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A great way to structure your training for sprints is finding a repetition split that you can use to alternate between your natural rhythm and sprints. I recommend starting off with higher rep splits at first because sudden changes in speed can be a little more difficult to handle. For example, you can do a split of 10/10, which is 10 reps at your natural rhythm, then 10 reps of sprints. Depending on your skill level, and conditioning, you can also do a higher amount of slower reps, while keeping the sprints the same – a 20/10 split for example. Giving yourself more repetitions of a technique you are comfortable with will allow you to “prime” yourself for the technique you aren’t so comfortable with. What I mean by that is, the new technique doesn’t come naturally yet, you aren’t practiced with it, so it will likely take a little more time to process before attempting it. By allowing yourself a larger grace period in reps, you can progress at a pace that is a little easier to handle. The rep splits can be modified in many different ways to suit your needs. As you improve, you can reduce the amount of reps between changes in order to really test your proficiency, and develop control. Some other pieces of advice I would give are, allow for enough rest between sets. You want to do your best to maintain the quality of your reps, especially at higher speeds, because you will have less room for error. The sprints will put heavy demand on your conditioning, especially early in training when we haven’t developed efficiency to a high degree. The first thing to go when we get tired is technique, so we want to allow for more rest to counter that. Something else to consider is not selling yourself short on your bounce step sprints. It may seem odd, or feel a little strange attempting these, but they are excellent for developing your jump height efficiency.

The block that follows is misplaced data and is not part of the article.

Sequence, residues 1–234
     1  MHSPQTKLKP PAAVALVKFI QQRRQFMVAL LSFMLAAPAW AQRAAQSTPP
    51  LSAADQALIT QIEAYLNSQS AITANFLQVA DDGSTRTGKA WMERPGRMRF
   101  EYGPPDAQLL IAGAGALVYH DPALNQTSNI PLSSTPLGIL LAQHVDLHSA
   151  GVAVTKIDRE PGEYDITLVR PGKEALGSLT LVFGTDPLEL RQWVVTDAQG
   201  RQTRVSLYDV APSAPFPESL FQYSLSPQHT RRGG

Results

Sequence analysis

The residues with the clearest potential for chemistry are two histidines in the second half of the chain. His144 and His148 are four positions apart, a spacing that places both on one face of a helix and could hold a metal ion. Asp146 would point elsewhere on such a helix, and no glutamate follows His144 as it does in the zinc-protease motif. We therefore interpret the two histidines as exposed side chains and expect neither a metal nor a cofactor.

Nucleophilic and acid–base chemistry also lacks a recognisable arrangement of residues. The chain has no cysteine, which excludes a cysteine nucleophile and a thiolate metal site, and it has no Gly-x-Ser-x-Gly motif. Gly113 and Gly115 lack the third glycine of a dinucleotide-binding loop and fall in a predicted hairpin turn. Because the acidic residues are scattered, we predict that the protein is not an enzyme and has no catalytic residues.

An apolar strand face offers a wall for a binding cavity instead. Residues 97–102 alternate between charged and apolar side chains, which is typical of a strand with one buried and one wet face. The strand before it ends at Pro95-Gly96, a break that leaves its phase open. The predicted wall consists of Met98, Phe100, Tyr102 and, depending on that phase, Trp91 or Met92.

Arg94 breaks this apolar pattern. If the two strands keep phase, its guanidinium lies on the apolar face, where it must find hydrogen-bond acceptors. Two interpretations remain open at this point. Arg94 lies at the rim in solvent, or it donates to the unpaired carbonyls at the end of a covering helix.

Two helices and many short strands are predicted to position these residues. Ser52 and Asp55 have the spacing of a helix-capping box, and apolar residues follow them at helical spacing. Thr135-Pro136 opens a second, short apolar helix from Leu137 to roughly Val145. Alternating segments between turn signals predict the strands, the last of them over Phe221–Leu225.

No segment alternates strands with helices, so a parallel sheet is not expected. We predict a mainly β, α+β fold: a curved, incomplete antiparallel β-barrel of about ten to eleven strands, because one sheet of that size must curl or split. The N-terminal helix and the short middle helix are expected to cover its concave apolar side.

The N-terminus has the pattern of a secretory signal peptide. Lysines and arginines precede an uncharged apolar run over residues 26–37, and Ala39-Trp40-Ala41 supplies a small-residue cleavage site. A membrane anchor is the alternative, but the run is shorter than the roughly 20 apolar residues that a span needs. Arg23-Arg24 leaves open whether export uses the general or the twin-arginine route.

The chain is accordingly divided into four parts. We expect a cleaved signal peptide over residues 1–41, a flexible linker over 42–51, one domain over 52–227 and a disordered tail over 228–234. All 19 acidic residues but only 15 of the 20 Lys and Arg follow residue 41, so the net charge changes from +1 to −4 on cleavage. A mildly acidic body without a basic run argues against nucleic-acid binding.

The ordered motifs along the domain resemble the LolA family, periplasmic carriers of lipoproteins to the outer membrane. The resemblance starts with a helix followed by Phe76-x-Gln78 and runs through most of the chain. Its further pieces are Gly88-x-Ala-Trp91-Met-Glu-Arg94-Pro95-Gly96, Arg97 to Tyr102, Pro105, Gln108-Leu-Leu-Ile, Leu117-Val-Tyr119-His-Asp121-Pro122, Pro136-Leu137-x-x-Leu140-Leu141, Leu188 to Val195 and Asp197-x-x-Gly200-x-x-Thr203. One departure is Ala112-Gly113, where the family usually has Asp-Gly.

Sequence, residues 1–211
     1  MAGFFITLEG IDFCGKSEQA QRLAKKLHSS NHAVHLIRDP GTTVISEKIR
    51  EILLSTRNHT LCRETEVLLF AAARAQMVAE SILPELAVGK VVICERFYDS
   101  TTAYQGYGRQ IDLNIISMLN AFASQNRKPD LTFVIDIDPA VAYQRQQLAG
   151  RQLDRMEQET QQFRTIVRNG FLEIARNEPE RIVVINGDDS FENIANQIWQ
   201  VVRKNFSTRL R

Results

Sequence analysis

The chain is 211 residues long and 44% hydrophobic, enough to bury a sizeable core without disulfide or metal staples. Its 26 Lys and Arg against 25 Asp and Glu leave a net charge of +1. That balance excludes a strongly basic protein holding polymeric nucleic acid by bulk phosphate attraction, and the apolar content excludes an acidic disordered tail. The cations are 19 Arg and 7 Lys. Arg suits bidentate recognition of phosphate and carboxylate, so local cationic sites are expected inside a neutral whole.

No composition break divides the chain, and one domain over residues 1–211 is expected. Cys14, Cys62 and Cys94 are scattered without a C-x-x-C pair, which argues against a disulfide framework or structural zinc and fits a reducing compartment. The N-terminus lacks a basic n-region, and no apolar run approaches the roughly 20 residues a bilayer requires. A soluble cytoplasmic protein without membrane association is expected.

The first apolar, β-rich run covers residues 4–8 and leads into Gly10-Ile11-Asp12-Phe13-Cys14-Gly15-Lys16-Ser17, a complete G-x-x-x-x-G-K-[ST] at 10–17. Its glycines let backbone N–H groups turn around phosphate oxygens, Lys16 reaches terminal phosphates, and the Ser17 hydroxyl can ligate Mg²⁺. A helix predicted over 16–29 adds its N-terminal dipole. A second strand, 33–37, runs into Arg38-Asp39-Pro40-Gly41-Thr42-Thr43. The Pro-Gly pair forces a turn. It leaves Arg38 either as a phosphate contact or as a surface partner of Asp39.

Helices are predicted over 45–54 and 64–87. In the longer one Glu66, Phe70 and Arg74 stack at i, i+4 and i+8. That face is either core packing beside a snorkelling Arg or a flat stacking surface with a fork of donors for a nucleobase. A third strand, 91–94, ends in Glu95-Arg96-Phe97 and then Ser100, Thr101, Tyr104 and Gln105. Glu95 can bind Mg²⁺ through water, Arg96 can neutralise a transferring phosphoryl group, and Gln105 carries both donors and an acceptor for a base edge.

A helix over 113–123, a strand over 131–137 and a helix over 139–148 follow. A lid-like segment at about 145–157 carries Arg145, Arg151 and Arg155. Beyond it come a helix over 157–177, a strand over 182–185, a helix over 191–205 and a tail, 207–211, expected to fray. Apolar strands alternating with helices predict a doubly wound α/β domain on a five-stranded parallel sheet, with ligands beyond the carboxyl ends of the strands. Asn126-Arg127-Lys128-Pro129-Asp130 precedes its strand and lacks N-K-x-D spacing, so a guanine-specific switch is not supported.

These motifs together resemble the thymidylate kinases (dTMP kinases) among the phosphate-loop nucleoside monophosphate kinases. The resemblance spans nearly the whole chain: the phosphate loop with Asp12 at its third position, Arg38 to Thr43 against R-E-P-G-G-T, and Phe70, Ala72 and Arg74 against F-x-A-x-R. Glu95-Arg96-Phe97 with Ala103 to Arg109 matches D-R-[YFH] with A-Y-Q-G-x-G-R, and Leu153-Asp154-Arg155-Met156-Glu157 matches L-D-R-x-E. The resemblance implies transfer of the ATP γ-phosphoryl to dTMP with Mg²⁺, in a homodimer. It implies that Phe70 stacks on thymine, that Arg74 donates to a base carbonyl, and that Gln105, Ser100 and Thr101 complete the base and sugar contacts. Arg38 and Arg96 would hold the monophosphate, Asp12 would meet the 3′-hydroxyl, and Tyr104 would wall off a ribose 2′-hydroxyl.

And now the second strategy for success, understanding how the rope affects your training. Ropes tailored to speed are a great choice for Double Under training and they tend to have short, light handles, with a PVC or Steel Cable rope. This combination will put the least demand on power and conditioning requirements. Having ropes such as leather, cotton, or nylon will put you at a disadvantage because of the heavier demand on the upper body and the limited speed due to the nature of the rope. Going into training with a knowledge of whether or not your rope is a good fit for your training can save a lot of frustration down the line. A note on Steel Cable Ropes because they are heavily associated with Double Unders and anaerobic rope training in general. I greatly encourage having a baseline competency in jump rope before using them because they are much less flexible and can be very painful when striking the body. If you aren’t fully comfortable in your training, and anticipate many errors, I would avoid using a Steel Cable rope. I say this because I started using one very early in my training and went through a lot of pain because of it. It didn’t help that I often trained without a shirt on. A PVC rope will do excellent here, so don’t be discouraged if you don’t have a steel cable rope.
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